"With a poet's eye for the fine detail, David Malouf has written a rare, sparkling evocation of an Australian boyhood in the forties, of the pubs and brothels of the fifties, and the years away overseas. An affectionately outrageous portrait, Johnno recreates the sleazy tropical half-city that was wartime Brisbane and captures a generation locked in combat with the elusive Australian Dream."
"Memorable and mythological" - Douglas Stewart, Sydney Morning Herald
"A delight" - Anne Summers, Adelaide Advertiser
"Unique...what a book!" - David Rowbotham, Brisbane Courier Mail
My father was one the fittest men I have ever known. A great sportsman in his day, boxer, swimmer, amateur footballer, he was still bull-shouldered and hard even at sixty, though a good deal of his muscle had gone to fat. He didn't drink. He hadn't smoked since a day during the First War when he'd accepted a bet and thrown a whole packet of Capstans over Victoria Bridge. Except for the occasional cold, he had never had a day's illness that I could remember. Two weeks before his death he had been examined for a new insurance policy. When the report arrived, on the morning of his funeral, it declared him to be A1 in every respect.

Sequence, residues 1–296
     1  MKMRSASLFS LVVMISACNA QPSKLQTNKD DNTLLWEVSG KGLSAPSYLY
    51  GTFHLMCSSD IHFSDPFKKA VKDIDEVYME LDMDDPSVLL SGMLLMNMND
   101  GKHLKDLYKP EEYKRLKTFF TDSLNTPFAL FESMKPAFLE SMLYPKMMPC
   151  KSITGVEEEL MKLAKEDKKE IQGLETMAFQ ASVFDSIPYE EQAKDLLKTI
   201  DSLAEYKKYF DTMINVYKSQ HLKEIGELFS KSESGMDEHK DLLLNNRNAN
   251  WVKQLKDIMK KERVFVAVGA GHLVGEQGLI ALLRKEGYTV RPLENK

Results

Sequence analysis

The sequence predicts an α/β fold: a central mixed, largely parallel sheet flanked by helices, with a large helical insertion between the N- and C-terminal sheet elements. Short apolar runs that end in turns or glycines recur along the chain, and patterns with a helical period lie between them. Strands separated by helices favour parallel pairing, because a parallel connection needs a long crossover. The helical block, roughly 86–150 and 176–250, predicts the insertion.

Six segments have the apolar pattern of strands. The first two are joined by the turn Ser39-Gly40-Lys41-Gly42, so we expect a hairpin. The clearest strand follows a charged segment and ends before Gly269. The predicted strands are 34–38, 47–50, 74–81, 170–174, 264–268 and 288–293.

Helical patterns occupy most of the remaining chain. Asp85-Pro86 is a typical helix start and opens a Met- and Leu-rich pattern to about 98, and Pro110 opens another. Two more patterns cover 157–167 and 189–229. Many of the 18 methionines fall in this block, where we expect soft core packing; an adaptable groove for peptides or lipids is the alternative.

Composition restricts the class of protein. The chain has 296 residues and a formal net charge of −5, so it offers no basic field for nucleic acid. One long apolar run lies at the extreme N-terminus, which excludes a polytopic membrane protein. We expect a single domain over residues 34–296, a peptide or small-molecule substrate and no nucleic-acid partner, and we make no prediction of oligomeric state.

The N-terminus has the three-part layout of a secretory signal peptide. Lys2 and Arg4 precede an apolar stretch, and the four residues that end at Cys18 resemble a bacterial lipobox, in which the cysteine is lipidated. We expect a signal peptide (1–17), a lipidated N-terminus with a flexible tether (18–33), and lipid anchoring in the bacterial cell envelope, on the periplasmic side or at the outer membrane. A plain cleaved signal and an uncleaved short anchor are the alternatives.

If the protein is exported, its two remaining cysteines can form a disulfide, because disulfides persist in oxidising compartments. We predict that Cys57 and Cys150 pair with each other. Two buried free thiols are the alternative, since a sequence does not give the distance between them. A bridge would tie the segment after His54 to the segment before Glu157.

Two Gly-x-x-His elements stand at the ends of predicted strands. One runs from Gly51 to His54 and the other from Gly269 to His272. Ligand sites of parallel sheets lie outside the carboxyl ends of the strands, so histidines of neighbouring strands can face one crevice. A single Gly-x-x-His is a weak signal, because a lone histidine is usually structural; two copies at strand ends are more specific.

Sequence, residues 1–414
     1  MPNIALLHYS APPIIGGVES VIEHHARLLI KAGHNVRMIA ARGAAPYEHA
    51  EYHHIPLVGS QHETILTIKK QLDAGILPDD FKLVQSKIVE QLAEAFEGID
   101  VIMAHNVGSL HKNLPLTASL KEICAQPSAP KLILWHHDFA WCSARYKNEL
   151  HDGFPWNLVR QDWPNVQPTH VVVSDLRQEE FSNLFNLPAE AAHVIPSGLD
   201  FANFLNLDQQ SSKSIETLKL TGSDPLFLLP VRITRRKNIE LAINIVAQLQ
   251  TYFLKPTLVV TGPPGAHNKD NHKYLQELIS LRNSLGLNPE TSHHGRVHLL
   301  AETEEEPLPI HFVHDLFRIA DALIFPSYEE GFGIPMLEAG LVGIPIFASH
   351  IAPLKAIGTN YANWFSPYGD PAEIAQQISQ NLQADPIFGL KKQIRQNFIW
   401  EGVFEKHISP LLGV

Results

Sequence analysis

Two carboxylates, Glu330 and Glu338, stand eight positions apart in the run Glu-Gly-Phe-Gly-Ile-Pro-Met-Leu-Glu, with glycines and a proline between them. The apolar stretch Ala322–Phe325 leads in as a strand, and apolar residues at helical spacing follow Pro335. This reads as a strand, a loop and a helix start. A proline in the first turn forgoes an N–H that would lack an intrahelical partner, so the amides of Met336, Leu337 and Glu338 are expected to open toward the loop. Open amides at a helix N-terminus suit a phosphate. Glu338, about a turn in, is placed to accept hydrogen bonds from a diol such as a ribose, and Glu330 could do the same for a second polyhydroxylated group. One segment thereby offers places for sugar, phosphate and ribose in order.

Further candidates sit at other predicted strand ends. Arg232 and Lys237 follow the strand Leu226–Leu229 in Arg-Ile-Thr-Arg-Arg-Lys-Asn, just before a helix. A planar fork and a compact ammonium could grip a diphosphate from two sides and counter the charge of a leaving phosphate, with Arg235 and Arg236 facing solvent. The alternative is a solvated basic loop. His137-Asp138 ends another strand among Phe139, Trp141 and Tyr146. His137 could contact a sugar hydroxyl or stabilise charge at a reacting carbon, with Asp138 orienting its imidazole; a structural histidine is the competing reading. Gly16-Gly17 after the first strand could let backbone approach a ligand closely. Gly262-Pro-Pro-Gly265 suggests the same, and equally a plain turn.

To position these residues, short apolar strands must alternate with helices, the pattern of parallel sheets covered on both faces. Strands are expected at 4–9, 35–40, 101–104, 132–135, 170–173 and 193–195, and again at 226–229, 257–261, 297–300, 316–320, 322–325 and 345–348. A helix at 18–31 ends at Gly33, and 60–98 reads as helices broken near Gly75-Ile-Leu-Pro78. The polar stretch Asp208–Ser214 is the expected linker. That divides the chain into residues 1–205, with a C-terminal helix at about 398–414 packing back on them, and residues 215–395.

I was out of the country again on study leave, and the telegram announcing his heart attack caught me in the mist of a whole series of muddles that I had simply to leave where they were, all untidy ends, while I got a plane booking, scraped up the money to pay for it, and started back.
From the Penguin paperback edition, 1986.
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Last modified: April 12, 2004.